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Why 'The Incredibles' Is the Best Superhero Movie of All Time

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Apr 04, 2014 | 12:11pm EDT

The IncrediblesWalt Disney Co. via Everett Collection

As Captain America: The Winter Soldier hits theaters this weekend and officially kicks off superhero movie season, there will likely be a great deal of debate as to where the film fits in the lineup of great superhero movies. With the summer months becoming more and more crowded with heroes, villains and intense action, studios are constantly attempting to make the biggest, best film that the genre has ever seen, which has resulted in the movies becoming smarter, funnier, more compelling and packing in plenty more action. However, as critics and fans pit franchise against franchise, character against character and of course, Marvel against DC, they will inevitably leave out perhaps the greatest superhero movie of all time: The Incredibles

In the current golden age of the superhero film, with the Marvel Cinematic Universe dominating every caped crusader that comes in its path and Christopher Nolan's Dark Knight trilogy winning Oscars, declaring Pixar's 2004 film to be the greatest of all time is a controversial statement. And yet, there isn't another superhero film that manages to not only combine all of the greatest elements of the genre into an exciting, hilarious 115 minutes, but also manages to actually add new elements to the stereotypical outline of a superhero story. Don't believe us? Here's why The Incredibles will stand the test of time as the standard to which all superhero films should be held.

It Has Everything We Love About the Genre 
Exotic locales, gripping action sequences, compelling character development, crazy technological advancements... The Incredibles has it all. The film takes on the typical hero origin story, with Violet and Dash discovering and learning to control their powers, as well as bringing Mr. Incredible and Elastigirl out of retirement and learning to embrace every aspect of who they are. On top of the compelling character arcs, there are also plenty of intense fight sequences that leave audiences at the edge of their seats — some of which are even more impressive than your typical live-action film, since animation is free to bend the laws of physics. Despite being an animated film, the stakes are still high, the consequences are still serious and yet none of the character development is sacrificed for the sake of action, or vice versa. It's about as close to a perfect hero story as you can get.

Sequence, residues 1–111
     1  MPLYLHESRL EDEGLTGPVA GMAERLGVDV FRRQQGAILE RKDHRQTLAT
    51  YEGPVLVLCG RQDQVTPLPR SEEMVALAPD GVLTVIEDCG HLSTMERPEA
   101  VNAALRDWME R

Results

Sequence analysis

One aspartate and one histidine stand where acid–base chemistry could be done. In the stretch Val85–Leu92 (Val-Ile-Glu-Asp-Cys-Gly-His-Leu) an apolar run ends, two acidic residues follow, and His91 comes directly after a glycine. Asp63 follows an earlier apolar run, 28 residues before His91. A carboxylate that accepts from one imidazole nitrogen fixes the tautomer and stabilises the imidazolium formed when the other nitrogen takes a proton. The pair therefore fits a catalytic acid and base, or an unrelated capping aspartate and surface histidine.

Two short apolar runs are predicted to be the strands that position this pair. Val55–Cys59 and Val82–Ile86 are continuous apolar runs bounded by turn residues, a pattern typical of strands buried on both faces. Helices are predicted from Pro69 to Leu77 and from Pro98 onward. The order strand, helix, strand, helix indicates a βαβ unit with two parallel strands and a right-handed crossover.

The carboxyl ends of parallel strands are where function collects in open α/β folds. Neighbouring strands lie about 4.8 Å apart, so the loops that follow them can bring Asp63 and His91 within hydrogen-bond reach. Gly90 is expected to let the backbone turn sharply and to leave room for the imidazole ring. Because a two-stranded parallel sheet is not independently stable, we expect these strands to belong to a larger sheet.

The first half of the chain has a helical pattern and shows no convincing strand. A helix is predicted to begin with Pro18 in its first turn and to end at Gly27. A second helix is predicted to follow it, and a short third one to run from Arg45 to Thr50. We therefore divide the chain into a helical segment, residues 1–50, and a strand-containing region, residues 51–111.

It Both Embraces and Skewers Superhero Clichés
Though people have been pointing out the impracticalities of capes for years, no movie had ever addressed it so succinctly until Edna Mode marched onto the scene. Though films have always featured sequences of heroes gearing up to get back in the field, most would never dare show their star struggling to fit his new gut into his old suit after all these years. Because it's a comedy at heart, The Incredibles isn't afraid to point out the sheer ridiculousness that is an integral part of any superhero universe. However, the people at Pixar are still fans of the genre, and so the film not only embraces those same clichés, but also adds plenty of in-jokes and references for good measure. In fact, the character of Buddy is practically designed as an homage to that love of superhero films, from his idolization of Mr. Incredible to the black paint he wears around his eyes like Batman. 

It Deals with Real-World Ramifications